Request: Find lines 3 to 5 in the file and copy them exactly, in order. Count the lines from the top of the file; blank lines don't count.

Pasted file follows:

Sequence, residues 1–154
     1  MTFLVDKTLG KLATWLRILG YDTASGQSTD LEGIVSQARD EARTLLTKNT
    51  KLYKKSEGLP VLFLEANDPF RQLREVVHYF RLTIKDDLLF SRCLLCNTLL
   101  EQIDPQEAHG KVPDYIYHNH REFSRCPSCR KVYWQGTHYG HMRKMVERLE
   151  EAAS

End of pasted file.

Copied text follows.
    51  KLYKKSEGLP VLFLEANDPF RQLREVVHYF RLTIKDDLLF SRCLLCNTLL
   101  EQIDPQEAHG KVPDYIYHNH REFSRCPSCR KVYWQGTHYG HMRKMVERLE
   151  EAAS